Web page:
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RNAi-based Genetic Screening: Past, Present & Future

RNAi-based Genetic Screening: Past, Present & Future

Presented By


RNA interference (RNAi) screening methodologies have revolutionized the fields of basic biological research, functional genomics, and drug development and discovery. These methods provide complex and extremely powerful tools to investigate mechanisms underlying human disease and to accelerate therapy development. On April 11, 2011, the Non-coding RNA Biology Discussion Group at the New York Academy of Sciences convened senior and junior investigators to explore lessons, challenges, new discoveries and future directions in the development of RNAi screening technologies and delivery processes. The successful application of these technologies in various areas of biology and translational science such as vesicular transport, cancer, and infectious diseases was a focus of this meeting.

Norbert Perrimon, from Harvard Medical School and Howard Hughes Medical Institute, began the symposium with an overview of the reagents and approaches of RNAi screening in Drosophila. Perrimon described the reagents that his lab has developed for both tissue culture and in vivo RNAi screens in Drosophila. He highlighted two recent studies that exemplified how RNAi screens can be combined with mass spectrometry to analyze the structure of signaling networks and cellular mechanisms in 1) the building a kinome network (the collection of all kinases) in early Drosophila eggs and 2) the regulation of autophagy in muscle cells.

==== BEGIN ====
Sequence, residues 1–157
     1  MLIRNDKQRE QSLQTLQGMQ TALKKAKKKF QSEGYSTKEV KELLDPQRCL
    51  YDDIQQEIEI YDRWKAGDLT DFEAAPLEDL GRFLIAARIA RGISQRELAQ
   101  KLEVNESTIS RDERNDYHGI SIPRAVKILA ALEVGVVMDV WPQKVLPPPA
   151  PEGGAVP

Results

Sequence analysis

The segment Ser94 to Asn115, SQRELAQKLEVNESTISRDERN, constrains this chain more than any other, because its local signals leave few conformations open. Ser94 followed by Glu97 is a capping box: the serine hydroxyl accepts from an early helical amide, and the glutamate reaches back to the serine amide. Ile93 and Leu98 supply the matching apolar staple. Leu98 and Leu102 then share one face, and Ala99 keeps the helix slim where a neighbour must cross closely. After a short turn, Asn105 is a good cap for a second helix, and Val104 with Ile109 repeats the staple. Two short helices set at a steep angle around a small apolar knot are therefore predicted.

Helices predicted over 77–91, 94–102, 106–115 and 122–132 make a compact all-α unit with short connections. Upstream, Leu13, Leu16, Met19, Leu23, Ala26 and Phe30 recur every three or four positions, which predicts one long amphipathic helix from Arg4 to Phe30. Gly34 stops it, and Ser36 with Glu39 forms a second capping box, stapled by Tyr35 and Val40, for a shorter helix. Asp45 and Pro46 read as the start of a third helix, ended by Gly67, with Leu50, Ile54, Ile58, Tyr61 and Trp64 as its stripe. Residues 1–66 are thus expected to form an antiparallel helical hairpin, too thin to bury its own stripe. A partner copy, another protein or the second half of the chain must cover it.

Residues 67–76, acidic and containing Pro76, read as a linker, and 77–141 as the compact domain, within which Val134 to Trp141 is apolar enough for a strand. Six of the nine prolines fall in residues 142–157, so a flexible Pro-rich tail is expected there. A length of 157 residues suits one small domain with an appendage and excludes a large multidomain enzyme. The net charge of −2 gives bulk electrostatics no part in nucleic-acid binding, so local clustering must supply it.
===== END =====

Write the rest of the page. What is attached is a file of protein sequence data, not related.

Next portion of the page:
Marino Zerial, from the Max Planck Institute of Molecular Cell Biology and Genetics in Dresden, Germany, presented the quantitative image analysis system that his group has developed to measure cellular parameters from automatically-acquired, high-resolution microscopy images. Zerial discussed the application of this system to an image-based RNAi screening of HeLa cells for receptor-mediated endocytosis. As Zerial pointed out, this image analysis platform could yield new generations of RNAi-based technologies and improve the specificity of phenotypic assessments of gene function.

Joining the symposium from New York University School of Medicine, Ramanuj DasGupta reported on the use of RNAi-based "modifier screen" approaches to identify novel and specific chemical and miRNA (microRNA) modulators of β-Catenin-Responsive Transcription (CRT). CRT yields one of the most important effectors of the Wnt pathway and has been implicated in the genesis of many cancers. DasGupta described the results of applying a novel methodology that combines a "sensitized" chemical genetic high-throughput screen with RNAi technology for the identification of specific small molecule inhibitors of CRT. These inhibitors antagonize CRT activity in a wide range of cell types, including Drosophila, mouse and human cells, and a variety of Wnt/β-catenin-responsive cancer cell lines.